Fact-Checking Claims on the Migrant Surge at the U.S.-Mexico Border
As migrants arrive at the southwestern border in increasing numbers, lawmakers and officials are misleading about border policies, migrants, the coronavirus and immigration flows.
By Linda Qiu
With the number of migrants apprehended at the southwestern border expected to reach a two-decade high, Republicans are blaming President Biden for the surge, while Democrats argue that immigration system he inherited left him ill-prepared.
Here’s a fact-check.
Biden officials have inaccurately described the Trump administration’s actions.
What Was Said
“The previous administration was expelling these unaccompanied children, some who are girls under the age of 12, for example, back to Mexico. We ended that practice.”
— Alejandro Mayorkas, secretary of homeland secretary, in a congressional hearing on Wednesday.
This is misleading. The practice of expelling unaccompanied children ended thanks to a court ruling before Mr. Biden took office, though his administration declined to resume expulsions when an appeals court decided it could do so.
Citing the threat of the coronavirus and using a public health emergency law known as Title 42, the Trump administration announced last March that it would send back to their home countries people who illegally crossed the southwestern border, rather than detaining and processing them.
In mid-November, a federal judge ruled that the administration could not expel unaccompanied children. As a result, expulsions of unaccompanied children fell from nearly 3,200 in October to 1,520 in November to just three in December and 18 in January.
An appeals court stayed that ruling in late January, once again allowing the expulsion of children, but the Biden administration has decided against the practice. It continues to send back adults and families, however.
“Unaccompanied children haven’t been expelled since November,” said Aaron Reichlin-Melnick, the policy counsel for the American Immigration Council, which advocates on behalf of immigrants. “They chose to keep the status quo place.”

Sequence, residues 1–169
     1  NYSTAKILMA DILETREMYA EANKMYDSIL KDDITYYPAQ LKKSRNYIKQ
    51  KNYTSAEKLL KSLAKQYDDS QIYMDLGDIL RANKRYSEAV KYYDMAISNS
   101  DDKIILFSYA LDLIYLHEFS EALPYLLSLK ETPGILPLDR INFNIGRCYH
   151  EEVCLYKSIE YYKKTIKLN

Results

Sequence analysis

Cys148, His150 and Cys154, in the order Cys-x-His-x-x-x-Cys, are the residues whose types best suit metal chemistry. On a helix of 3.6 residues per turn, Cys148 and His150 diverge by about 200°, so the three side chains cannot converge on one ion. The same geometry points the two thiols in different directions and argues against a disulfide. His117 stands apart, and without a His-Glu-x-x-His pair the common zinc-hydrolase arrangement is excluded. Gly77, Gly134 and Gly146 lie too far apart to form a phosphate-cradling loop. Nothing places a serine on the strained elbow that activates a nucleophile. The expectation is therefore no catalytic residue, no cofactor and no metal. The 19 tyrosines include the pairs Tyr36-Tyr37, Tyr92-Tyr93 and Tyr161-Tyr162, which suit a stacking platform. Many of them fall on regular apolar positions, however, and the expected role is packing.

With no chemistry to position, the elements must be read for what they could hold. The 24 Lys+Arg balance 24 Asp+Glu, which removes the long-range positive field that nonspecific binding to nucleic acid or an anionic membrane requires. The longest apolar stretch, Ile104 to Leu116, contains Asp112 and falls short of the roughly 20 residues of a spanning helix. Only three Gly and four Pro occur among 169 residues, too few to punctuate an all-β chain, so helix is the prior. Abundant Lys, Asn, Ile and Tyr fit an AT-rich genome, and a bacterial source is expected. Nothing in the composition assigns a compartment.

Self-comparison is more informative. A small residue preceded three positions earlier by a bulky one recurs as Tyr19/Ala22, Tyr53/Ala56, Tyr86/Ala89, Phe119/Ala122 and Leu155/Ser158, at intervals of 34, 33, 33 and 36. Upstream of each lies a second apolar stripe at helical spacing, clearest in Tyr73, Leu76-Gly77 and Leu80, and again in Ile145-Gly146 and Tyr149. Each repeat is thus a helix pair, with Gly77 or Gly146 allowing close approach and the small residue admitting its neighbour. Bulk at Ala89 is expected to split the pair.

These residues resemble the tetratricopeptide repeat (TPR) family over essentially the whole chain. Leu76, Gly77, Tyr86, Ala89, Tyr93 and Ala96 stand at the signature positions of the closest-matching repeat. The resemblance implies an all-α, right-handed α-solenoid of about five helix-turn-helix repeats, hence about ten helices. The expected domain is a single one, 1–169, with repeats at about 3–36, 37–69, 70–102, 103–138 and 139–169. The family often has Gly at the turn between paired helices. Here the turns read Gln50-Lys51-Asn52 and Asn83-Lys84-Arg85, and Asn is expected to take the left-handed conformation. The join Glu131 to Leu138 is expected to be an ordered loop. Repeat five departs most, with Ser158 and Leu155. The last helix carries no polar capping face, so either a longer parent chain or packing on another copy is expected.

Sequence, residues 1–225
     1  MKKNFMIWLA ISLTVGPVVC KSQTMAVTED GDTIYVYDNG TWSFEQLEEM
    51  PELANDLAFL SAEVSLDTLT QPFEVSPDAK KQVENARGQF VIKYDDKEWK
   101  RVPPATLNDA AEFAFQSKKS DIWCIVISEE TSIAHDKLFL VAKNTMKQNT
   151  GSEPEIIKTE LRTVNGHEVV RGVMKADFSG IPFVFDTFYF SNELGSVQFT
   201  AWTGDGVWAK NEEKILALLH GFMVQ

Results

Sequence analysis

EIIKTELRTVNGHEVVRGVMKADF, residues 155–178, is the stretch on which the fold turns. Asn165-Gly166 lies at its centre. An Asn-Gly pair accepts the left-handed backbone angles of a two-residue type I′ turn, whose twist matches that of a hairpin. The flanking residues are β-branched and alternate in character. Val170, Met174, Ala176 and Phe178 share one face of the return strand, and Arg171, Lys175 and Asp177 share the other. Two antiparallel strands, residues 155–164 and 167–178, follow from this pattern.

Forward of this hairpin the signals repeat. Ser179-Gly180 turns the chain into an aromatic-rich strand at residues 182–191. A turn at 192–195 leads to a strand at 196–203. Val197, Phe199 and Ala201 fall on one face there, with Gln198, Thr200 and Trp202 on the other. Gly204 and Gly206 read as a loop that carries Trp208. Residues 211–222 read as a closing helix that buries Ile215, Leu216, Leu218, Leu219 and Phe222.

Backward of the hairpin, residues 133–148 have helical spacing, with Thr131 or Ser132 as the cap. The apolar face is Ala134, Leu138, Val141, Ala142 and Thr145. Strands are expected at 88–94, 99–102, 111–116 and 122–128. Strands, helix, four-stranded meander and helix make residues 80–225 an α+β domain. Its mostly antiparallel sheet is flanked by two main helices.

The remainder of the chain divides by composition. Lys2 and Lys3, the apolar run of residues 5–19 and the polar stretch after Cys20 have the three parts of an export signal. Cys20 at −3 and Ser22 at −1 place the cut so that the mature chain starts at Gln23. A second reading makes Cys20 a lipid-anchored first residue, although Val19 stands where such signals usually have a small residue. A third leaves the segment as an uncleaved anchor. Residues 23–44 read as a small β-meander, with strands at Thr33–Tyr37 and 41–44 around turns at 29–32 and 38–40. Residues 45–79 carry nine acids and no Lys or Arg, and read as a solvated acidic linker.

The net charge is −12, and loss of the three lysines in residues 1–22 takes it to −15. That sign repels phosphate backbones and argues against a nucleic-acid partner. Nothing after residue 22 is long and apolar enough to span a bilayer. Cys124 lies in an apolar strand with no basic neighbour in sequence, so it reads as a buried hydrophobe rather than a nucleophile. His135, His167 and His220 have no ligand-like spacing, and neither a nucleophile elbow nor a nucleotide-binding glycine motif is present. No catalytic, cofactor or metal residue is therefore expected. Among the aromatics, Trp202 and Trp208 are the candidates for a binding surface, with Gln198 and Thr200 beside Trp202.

What Was Said
“We inherited a government that had allowed the number of beds to safely and humanely house these children — administered by the Department of Health and Human Services, the Office of Refugee Resettlement — had allowed it to shrink to a record low number.”
— Ron Klain, Mr. Biden’s chief of staff, in an interview this month on MSNBC.
False. The Biden administration is struggling to find space for migrant children and teenagers who have recently arrived at the border, with some sleeping on gym mats with foil sheets in processing facilities as they wait to be transferred to shelters contracted with the Office of Refugee Resettlement. But Mr. Klain is wrong that the backlog is because the previous administration drastically downsized monthly bed capacity.
When the Obama administration faced its own surge of migrant children, the refugee agency increased its monthly bed capacity to about 8,000 beds in the 2015 fiscal year from about 2,000 in the 2011 fiscal year, according to a Government Accountability Office report. Under the Trump administration, monthly bed capacity fell to about 7,000 in October 2017, but grew to over 16,000 by December 2018. By Mr. Trump’s last full month in office, in December 2020, monthly bed capacity was at 13,000 — hardly a “record low.”
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